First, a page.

Israel has angrily rejected new guidelines from the European Union barring member states from providing financial aid to Israeli settlements in the occupied Palestinian territories.



The new restrictions mean that all funding, scholarships and co-operation from the EU to individuals or organisations in the Israeli settlement zones will cease from next year.


Laura Murphy-Oates has the details.


The guidelines require that in all signed agreements with EU states, a clear distinction must be made between Israel and the territories occupied by the Jewish state in the 1967 Six-Day war.


This refers to the Golan Heights, the Gaza Strip and the West Bank – including mainly-Arab east Jerusalem.

From next year, only territories within the 1967 borders will be considered eligible for EU funding.


EU representative Maya Kocijancic says the idea is to make a distinction between Israel and the territories it occupies.


“These guidelines were prepared in order to implement the Commission’s commitment to make a clear distinction in relevant legislation between the state of Israel and the occupied territories.”


Prime Minister Benjamin Netanyahu describes it as external interference with Israel’s borders.


He says the EU should be focusing its efforts elsewhere.


“I would expect from those who really want peace and stability in the region to discuss this issue after they solve problems that are slightly more urgent in the region. Like the civil war in Syria or Iran’s race to obtain nuclear weapons. As Prime minister of Israel I will not let hundreds of thousands of Israelis living in Judea and Sumeria in the Golan Heights and in Jerusalem our united capital be harmed. We will not accept any external dictates regarding our borders.”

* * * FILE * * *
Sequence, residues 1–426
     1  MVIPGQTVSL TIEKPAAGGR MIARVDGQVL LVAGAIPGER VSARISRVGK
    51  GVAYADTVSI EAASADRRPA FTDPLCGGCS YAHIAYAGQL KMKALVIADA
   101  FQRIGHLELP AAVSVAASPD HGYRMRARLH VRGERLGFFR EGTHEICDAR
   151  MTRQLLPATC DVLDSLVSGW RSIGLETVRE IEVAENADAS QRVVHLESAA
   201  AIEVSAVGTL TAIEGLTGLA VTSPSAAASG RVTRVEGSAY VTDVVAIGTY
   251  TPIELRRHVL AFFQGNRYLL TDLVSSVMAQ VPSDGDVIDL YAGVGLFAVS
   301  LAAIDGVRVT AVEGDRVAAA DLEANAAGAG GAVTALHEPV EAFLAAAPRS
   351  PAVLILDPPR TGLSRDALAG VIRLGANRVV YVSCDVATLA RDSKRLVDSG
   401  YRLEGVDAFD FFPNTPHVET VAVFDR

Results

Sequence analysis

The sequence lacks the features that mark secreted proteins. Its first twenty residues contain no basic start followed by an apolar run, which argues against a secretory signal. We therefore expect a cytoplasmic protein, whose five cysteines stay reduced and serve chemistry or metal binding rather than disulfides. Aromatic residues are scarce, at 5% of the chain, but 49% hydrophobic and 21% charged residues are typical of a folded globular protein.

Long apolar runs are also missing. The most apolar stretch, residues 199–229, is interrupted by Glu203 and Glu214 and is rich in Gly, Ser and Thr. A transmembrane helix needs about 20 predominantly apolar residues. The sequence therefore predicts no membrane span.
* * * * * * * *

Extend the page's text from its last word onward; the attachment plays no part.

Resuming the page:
Palestinian official Hanan Ashrawi has welcomed the EU guidelines, which are in line with international declarations that the Israeli settlements in the occupied territories are illegal.


“This is the beginning of a new era and it seems to me high time. But that Israel should listen very carefully and should understand that this occupation cannot continue without any kind accountability and with nothing but profit for Israel and nothing to lose. It is time that the whole world treats the Israeli occupation this way and it is time that Isreal reaches the conclusion that is has to leave the Palestinians alone.”

Direct peace talks between Israel and the Palestinians have been on hold for nearly three years.


The Palestinians have been refusing to negotiate until certain terms are met.


These include a freeze on settlement activity and Israel’s acceptance of the borders in place before the 1967 war.


Professor Ben Saul of the University of Sydney says the illegality of the Israeli settlements in international law has long been clear.


“Under the Geneva Conventions of 1949 transferring Israel’s citizens or population in to the occupied territories is clearly illegal, It is also regarding as a war crime under the statute of International Criminal Court since 1998. The International Court of Justice has said that the settlements are illegal.”


Professor Saul says he’s not surprised that Israel has reacted angrily to the new EU guidelines.


“It’s really consolidating the position that the European Union has taken for quite some time now. But I think this is concretising what the European Union has said and done and that’s why I think Israel is regarding this as more provocative.”